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...there are numerous genres of tables...

On this website due to the numerous genres of Chinese tables,  the following is an overview of Chinese long tables and other tables as their evolution is closely related.

The profound changes to both Chinese culture and its furniture brought about by the change from mat level living to a chair level living has been outlined in the sections about stools and about chairs.

The most obvious change elsewhere in the range of furniture is in tables: the pre-existing low platform tables were kept, and used on the kang, the raised heated platform used within households during winter.

The evolution of the raised table followed a more dramatic path into several genres.

Square Tables

Chinese society was communal and hierarchal to a degree unimaginable today. The central reinforcing feature of communal living within the family compound was communal eating. This is particularly so in a land in which the vagaries of nature often lead to variable supplies of food, and hence the Chinese greeting of “have you eaten yet” being the equivalent of our contemporary “how are you”.

With the advent of chairs and stools came the raised square dining table. Importance being given to the equal length of each side of the table, so there are no inferior positions. Known as “baxian zhou”, these tables share the same phraseology of the legendary Eight Immortals of the Chinese pantheon, reflecting the symbolic importance of this communal act of eating.

These tables were in common usage by the Song dynasty, concurrently ( which can be no accident) with better agricultural production techniques and the advent of a sophisticated and regionally differentiated cuisine.

With such growing prosperity came the inevitable refinement of design, carpentry and the uses of exotic hardwoods as seen in the evolution of the chair, the apogee of both chair and table being in the Ming period.

The square dining table has not survived in such numbers as the long side tables, presumably because of their frequent and daily usage.

Long Tables

Today we are more familiar with the long thin rectangular side or altar tables.

There are interesting pictorial records of the square dining table and the long rectangular tables interacting. In making the ritual offerings to the ancestors, the square dining table is seen with offerings on its surface in front of the massive long table running along the wall. The latter table is higher than the dining table and has everted ends: it holds choice antiques, ancestral relics, or simply flowers. The table is flanked at each end by an armchair to be made available to an honoured guest.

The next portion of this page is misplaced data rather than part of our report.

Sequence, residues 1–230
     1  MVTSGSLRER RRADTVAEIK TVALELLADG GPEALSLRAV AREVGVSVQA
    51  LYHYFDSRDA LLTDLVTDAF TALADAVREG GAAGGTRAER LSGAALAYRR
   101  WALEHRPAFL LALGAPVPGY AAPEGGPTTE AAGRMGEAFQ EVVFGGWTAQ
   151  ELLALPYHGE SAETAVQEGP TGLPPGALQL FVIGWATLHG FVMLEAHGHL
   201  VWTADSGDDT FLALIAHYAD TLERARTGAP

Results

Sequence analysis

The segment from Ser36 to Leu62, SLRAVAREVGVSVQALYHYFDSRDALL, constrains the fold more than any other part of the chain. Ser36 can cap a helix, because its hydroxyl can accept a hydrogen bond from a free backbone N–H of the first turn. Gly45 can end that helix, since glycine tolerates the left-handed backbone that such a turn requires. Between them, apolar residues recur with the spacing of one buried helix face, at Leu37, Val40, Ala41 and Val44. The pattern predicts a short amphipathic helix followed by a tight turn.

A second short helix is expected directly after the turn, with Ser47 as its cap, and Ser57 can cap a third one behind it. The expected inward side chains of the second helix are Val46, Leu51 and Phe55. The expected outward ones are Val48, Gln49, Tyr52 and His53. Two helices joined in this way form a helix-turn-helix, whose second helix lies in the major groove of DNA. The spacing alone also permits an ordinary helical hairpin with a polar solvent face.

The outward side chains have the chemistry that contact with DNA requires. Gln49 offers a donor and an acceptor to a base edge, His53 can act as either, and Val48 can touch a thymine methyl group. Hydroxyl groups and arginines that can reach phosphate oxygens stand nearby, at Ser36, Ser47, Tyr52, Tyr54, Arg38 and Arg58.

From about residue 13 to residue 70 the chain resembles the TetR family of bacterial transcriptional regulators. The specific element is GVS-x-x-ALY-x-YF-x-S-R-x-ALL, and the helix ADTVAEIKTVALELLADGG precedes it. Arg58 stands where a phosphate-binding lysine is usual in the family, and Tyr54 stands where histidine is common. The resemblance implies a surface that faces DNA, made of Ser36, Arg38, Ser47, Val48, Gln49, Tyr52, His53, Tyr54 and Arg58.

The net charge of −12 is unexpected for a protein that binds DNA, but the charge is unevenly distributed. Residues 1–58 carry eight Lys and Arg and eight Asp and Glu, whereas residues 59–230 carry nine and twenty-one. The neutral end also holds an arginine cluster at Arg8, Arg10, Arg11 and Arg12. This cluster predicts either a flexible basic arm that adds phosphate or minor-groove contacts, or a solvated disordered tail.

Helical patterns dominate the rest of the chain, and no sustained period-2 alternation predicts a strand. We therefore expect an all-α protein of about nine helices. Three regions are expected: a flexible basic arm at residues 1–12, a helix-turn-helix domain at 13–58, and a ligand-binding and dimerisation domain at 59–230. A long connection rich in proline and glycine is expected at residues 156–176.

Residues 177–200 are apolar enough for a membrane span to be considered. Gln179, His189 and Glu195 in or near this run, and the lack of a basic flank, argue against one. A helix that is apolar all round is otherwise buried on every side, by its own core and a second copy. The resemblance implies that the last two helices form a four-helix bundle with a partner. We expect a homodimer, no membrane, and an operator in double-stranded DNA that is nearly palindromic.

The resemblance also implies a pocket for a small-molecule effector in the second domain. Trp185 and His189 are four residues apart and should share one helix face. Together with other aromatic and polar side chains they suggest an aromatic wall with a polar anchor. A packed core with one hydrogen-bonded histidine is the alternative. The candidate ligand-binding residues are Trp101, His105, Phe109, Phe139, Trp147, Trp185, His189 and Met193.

All tables borrowed their construction from domestic architecture: The round pillars of traditional buildings slanting slightly inwards, connected at the top by crossbeams. Tables copy this in miniature, with recessed rounded splayed legs, with the use of stretchers, and finally spandrels to support the tabletop in the same way braces support the roof of a building.

Missionaries to China provide fascinating evidence of the role of chair and tables in communal living. Gaspard de la Cruz wrote in 1556 of the use of the square dining table and the square gaming tables, while Johann Nieuhof was in China from 1655 to 1657 and describes banquets around these tables in great detail.

The larger rectangular tables evolved, in particular for calligraphy and painting, the two most revered arts of China and the legendary elite Chinese scholar/adminstrators.

The act of executing calligraphy and painting is the opposite of communal dining, requiring absolute solitude, individuality, as both are physical and deeply spiritual activities.

These tables were the most prized by the scholar/bureaucrat, and were supremely elegant models of restraint, balance and grandeur, created by the simplicity of form and function, and immensely complex carpentry.

These tables have no drawers, leading to the inclusion of drawers in bookcases, as well as collections of small boxes and cabinets for the scholars instruments and prized objects.

Of all the tables that are most obtainable today,  it is however the long side table, although with increasing difficulty. They are characterised by long thin rectangular single plank surfaces, carved side panels (often using the shape of the Ruyi, the sceptre that scholars believed helped his wishes to materialise), and everted end flanges which give the table spatial definition when placed against a large wall.

They are designed to impress, while providing an elegant surface to hold the display of family treasures and occasional ritual offerings to the ancestors and the spirit world.